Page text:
What I’m sick and tired of are some people (and certain men included) who have declared war on straight male sexuality. The examples of this effort to desexualize society are rampant, and generally express themselves in blog posts like Erin’s.

He goes on to say that it’s probably because she hates men of colour, and that old gem to dismiss women’s discomfort with being objectified, oh, I dunno, constantly, by saying “they’re just being complimentary”.
Never mind that women are already dealing with sexual assaults within this protest. Oh, and they’re being encouraged not to go to the police, either:

At a recent meeting of Occupy Wall Street’s nonviolent conflict de-escalation group, those present discouraged protesters from going to police unless absolutely necessary.
“We’ll get a lot more respect if we’re able to handle it ourselves and not run to Mom and Dad and tattle,” said Chilligan, 19, a Brooklyn resident who repairs computers for a living and goes by one name only.

You know what that reminds me of? The lack of discussion of sexual assault within the altsex scene, and the reluctance to support victims desire to charge their abusers. Not that I think getting the police involved should be the only option, but I certainly think that if someone wants to report their assailant, they should damn well be supported to do so.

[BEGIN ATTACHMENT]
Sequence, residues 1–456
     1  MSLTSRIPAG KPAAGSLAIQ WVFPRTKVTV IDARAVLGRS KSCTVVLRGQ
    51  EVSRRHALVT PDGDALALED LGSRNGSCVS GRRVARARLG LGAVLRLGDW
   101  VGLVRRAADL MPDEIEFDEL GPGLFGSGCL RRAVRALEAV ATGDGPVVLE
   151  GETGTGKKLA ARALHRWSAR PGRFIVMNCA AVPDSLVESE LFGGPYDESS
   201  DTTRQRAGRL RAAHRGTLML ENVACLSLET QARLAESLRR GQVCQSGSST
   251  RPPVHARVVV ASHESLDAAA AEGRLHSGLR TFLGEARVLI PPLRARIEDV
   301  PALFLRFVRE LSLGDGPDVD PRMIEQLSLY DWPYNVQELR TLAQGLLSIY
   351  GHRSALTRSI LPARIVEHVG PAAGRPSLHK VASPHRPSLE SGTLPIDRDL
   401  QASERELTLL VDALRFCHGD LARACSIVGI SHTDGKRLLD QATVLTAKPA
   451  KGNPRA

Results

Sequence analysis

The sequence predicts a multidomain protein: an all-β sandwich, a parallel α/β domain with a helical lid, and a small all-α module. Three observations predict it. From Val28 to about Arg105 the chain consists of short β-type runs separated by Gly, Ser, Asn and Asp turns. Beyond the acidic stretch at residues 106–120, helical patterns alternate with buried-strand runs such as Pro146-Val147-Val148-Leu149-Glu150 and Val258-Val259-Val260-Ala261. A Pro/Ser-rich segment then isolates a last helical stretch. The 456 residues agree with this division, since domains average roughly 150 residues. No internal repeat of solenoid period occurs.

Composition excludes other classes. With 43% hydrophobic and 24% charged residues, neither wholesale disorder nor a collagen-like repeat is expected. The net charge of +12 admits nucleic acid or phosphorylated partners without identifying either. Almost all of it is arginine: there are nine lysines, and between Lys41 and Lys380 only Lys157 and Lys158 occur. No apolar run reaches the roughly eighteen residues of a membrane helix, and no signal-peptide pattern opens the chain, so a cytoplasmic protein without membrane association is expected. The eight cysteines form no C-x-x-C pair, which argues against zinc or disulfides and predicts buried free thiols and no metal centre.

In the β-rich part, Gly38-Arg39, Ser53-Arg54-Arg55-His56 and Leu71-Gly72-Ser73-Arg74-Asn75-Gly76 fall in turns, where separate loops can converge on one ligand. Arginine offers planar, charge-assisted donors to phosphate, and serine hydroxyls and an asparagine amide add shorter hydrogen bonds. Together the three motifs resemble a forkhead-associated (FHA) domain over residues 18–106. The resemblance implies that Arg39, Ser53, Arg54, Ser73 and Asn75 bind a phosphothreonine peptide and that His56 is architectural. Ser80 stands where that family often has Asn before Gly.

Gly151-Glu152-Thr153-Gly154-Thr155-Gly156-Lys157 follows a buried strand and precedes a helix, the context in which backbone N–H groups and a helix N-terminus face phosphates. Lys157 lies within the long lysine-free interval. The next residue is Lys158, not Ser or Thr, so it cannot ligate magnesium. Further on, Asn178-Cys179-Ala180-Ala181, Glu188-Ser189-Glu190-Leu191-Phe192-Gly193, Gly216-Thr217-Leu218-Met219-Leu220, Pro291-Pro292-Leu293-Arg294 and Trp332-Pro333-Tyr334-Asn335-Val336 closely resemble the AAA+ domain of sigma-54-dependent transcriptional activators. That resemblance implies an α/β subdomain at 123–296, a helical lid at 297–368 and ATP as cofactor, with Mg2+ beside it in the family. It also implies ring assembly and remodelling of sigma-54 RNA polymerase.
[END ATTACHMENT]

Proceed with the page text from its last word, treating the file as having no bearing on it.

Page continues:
One woman did a great chart about women, media and activism, comparing OWS and Slutwalk, but then commented on the Feministe article:

When I did my chart comparing the sex of photographers at Occupy Wall Street versus SlutWalk, I was thinking it said more about SlutWalk than it did about OWS. And certainly this guy is an outlier; there isn’t a gross voyeuristic air down at Liberty Plaza. But it’s a sad reminder that even when the numbers don’t speak to the ways women are being looked at as objects while in the midst of political acts, we are, we are, we are.

Also, another excellently thought out comment about this issue from Thomas: